UK 'open for business' despite firms leaving: trade minister

Davos (Switzerland) (AFP) –


Britain remains a world-leading destination for foreign investment despite Brexit clouds and the departure of a number of companies, International Trade Secretary Liam Fox said Wednesday.

Interviewed by AFP at the World Economic Forum in Davos, Fox also welcomed a proposal by Poland that could potentially unblock a problem surrounding the Irish border that is holding up a deal on Britain's exit from the European Union.

And with the risk looming of Britain crashing out of the EU in March without a deal, Fox said he expected soon to sign several pacts with trading partners outside Europe to try to ensure a seamless transition.

He shrugged off news that both Sony and appliance maker Dyson are shifting premises out of Britain, pointing to figures showing Britain has attracted more foreign investment than Germany and France combined since it voted to quit the EU in 2016.

"So clearly the UK is open for business and is an attractive destination for foreign direct investment -- and that during the time where there's been uncertainty over Brexit," he said.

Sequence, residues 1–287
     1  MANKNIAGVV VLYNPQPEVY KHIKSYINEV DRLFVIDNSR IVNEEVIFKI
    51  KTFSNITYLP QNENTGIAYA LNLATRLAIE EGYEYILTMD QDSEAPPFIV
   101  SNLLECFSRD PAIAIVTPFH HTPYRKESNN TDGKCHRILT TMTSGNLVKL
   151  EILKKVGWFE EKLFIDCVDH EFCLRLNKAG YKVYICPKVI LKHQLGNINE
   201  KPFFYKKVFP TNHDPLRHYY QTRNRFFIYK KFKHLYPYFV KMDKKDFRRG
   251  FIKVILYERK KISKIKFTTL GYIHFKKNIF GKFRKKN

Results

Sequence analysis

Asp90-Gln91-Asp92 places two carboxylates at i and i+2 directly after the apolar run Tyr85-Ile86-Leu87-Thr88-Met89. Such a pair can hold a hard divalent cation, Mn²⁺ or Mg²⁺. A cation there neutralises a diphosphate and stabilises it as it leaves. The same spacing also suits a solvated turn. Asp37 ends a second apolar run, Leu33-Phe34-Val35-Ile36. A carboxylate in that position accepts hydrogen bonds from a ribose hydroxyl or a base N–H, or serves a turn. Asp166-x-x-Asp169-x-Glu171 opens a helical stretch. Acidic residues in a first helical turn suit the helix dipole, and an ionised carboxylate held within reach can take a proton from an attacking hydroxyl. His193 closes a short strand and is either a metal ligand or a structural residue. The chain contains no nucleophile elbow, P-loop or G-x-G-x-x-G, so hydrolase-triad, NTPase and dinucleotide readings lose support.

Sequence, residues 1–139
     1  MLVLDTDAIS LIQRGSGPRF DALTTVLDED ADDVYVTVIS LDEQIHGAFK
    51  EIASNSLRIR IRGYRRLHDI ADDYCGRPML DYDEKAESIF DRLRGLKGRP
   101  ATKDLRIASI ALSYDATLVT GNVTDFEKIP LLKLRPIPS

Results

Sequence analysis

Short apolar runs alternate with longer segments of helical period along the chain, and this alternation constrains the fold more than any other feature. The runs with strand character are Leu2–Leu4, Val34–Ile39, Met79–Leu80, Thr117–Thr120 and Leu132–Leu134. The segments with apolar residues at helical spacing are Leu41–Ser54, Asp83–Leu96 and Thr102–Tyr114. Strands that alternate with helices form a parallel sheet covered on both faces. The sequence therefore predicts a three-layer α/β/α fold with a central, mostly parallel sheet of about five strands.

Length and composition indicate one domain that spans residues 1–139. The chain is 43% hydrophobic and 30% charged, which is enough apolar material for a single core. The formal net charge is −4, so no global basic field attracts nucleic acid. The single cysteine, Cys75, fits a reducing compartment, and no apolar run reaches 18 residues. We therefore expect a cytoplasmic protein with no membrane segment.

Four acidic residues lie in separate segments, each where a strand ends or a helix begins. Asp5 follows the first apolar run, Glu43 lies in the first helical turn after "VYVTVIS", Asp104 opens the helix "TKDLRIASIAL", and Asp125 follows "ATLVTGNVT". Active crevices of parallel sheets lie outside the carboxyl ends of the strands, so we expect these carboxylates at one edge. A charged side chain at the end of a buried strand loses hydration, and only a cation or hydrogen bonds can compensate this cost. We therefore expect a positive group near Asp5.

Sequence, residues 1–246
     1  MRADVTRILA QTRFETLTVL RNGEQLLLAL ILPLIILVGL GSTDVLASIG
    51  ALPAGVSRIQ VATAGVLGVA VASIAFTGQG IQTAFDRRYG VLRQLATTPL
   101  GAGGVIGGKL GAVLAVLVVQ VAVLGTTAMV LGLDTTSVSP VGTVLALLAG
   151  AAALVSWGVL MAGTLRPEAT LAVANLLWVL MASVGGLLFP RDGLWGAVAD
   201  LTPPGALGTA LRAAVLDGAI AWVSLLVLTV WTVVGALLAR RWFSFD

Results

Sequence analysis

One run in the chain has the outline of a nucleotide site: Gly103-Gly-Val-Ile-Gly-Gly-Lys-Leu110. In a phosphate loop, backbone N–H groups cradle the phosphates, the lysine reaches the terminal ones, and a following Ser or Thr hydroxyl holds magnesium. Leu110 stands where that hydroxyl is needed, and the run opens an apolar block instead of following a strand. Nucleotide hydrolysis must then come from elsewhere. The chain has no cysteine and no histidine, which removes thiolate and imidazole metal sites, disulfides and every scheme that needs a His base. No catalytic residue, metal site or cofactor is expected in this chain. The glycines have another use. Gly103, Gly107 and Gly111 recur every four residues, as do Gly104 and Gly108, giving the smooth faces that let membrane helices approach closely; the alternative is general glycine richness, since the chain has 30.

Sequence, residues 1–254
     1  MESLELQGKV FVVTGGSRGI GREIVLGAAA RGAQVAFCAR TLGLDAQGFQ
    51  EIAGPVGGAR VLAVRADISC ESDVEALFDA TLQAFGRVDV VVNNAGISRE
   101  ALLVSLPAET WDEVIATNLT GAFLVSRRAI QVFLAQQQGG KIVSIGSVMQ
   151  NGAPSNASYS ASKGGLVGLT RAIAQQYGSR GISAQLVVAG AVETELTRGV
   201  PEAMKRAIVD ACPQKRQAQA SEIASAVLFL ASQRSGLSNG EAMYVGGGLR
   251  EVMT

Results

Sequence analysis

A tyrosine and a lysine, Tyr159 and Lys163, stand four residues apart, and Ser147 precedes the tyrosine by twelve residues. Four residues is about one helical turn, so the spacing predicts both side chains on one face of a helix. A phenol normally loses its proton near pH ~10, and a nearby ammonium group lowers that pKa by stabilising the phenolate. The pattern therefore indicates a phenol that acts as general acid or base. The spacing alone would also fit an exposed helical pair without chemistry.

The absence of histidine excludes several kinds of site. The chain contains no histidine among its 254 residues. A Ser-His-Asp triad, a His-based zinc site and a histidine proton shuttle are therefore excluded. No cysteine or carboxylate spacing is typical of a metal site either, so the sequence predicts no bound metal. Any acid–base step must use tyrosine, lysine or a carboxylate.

Polish Foreign Minister Jacek Czaputowicz broke ranks with the rest of the EU this week by suggesting a time-limit of five years might be possible on the so-called Irish backstop as a way to "unblock negotiations" between London and Brussels.

"It would obviously be less favourable for Ireland than an indefinite backstop, but much more advantageous than no-deal Brexit," he told the Rzeczpospolita newspaper.

Fox commented: "I welcome constructive thinking on this. The prime minister (Theresa May) has made it very clear that we will welcome any option that might enable us to deal with the backstop issue.

"We want to reach an agreement so that we can get the withdrawal agreement through parliament to give us a timely exit of the European Union, so that we can start to talk about our future relationship, rather than simply our exit."